Expert says pre-loading at schoolies weekend a dangerous game
Research has found young drinkers are far more likely to ‘pre-load’ on drinks and drugs before heading out to pubs and clubs, and that those who do are at greater risk of violence and risky behaviour, according to an expert from the University of Western Sydney.
Mr Phillip Wadds, from the UWS Institute for Culture and Society, was a project manager on the POINTED project, which measured the drinking habits of seven thousand young people across Australia and sheds light on the behaviour of revellers at events like Schoolies. He has also recently completed his PhD, under the supervision of Professor Stephen Tomsen, Chief Investigator of the POINTED project, looking at the regulation and policing of Sydney’s night-time economy.
While almost two thirds of participants in the POINTED study consumed alcohol before heading out for the evening, younger drinkers were significantly more likely to pre-load before big nights out.
Mr Wadds says the study found pre-drinking was a statistically significant indicator of whether someone would be involved in an aggressive episode.
“Loading up on drinks at pre-parties is very common among young people, and certainly there’s anecdotal evidence from police at Schoolies this year that teenagers are arriving at the public venues already intoxicated,” Mr Wadds says.
“Considering the high cost of alcohol at bars and clubs, pre-loading is seen by teenagers as a good way to save money, as well as a fun way to pass the time in the build-up to the night out.”
“The problem with this, our research shows, is there’s a significant link between drinking alcohol before heading out and aggression and risky behaviour such as property damage, drink driving and violence.”
Mr Wadds says reports that Schoolies revellers are also ingesting licit and illicit drugs before heading out for the night in order to avoid detection by sniffer dogs are troubling.
“Our research found young people who admitted to taking illicit drugs were significantly more likely to having been involved in physical, verbal and sexual aggression,” says Mr Wadds.
“Taking illicit drugs before heading out for the evening also presents other risks, particularly when young people take more drugs than they normally would to make sure their ‘high’ lasts the night while avoiding police detection.”
“Problems with this emerge because revellers consume excessive amounts at once without knowing the strength or the ingredients, which puts them at risk of overdose or other unintended reactions. This becomes particularly dangerous when they enter congested public nightlife spaces where other intoxicated revellers, as well as police and security staff, can clash over the most minute of real or perceived slights”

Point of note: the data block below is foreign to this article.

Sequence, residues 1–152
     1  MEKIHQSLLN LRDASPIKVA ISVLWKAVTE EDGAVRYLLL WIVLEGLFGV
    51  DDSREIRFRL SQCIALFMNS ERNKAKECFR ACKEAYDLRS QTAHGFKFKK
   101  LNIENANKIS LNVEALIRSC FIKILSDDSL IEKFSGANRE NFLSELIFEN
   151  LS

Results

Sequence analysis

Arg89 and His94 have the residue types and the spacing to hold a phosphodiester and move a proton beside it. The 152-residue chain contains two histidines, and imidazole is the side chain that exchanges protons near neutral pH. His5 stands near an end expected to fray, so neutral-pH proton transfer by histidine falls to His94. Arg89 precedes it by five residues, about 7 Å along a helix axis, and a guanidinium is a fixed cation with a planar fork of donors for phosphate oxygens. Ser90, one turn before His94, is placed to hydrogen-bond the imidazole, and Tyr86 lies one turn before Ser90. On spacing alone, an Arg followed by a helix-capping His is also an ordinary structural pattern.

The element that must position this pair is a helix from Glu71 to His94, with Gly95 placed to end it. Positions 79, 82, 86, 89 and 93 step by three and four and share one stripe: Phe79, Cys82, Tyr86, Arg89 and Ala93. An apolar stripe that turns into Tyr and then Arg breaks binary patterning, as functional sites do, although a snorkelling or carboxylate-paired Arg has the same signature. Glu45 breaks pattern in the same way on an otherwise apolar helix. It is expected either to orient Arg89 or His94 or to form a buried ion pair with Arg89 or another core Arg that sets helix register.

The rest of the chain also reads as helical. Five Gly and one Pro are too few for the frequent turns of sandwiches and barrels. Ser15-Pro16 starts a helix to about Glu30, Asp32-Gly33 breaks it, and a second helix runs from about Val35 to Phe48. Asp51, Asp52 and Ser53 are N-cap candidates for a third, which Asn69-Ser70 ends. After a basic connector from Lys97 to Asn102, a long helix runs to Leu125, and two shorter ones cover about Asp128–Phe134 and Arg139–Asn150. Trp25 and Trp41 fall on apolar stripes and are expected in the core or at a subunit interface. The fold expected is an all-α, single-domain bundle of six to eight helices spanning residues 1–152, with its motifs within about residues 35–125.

In addition to his work in the POINTED project, Mr Wadds was also a researcher on the Alcohol and Energy Drinks in NSW study, which examined the drinking behaviour of over one thousand three hundred revellers in the various nightlife hotspots around Sydney.
“Our research found the younger you are, the more likely you are to consume energy drinks, and much like pre-loading and illicit drug use, people who mix alcohol and energy drinks are more likely to be involved acts of aggression and other dangerous behaviour,” Mr Wadds says.
“In this study, 16 and 17 year olds we interviewed on the streets were the biggest consumers of alcohol combined with energy drinks (AEDs), having on average 5.4 AEDs- way more than the recommended daily intake of two drinks.”
“In addition to the link between energy drink users and risky conduct, energy drinks make people more susceptible to heart palpitations and severe hangovers.”
Mr Wadds says despite young people taking bigger risks with their health and welfare, his research shows the majority of drinkers are well behaved.
“A small per cent of people will always engage in risky behaviour, there’s no way to stop that, but overall most teenagers respect the law and do the right thing,” he says.
“The challenge is to educate party goers about the risks of overdoing it at home before they head out, because all the evidence suggests pre-loading, whether on drinks, drugs or energy drinks, increases the chances of something going wrong.”
Mr Wadds believes the way Schoolies is regulated should be considered on a broader scale throughout many urban nightlife centres.
“The police, council, event planners, licensed venues and security staff, along with organisations such as the Red Frogs, do a great job of coordinating the management of this massive annual event,” he says.
“It is obviously a high intensity week, but they are doing the right thing in approaching the week like any other major event- with everyone working from the same page. I think the same approach would work in places like Kings Cross where every weekend is like a mini-Schoolies”.
21 November 2013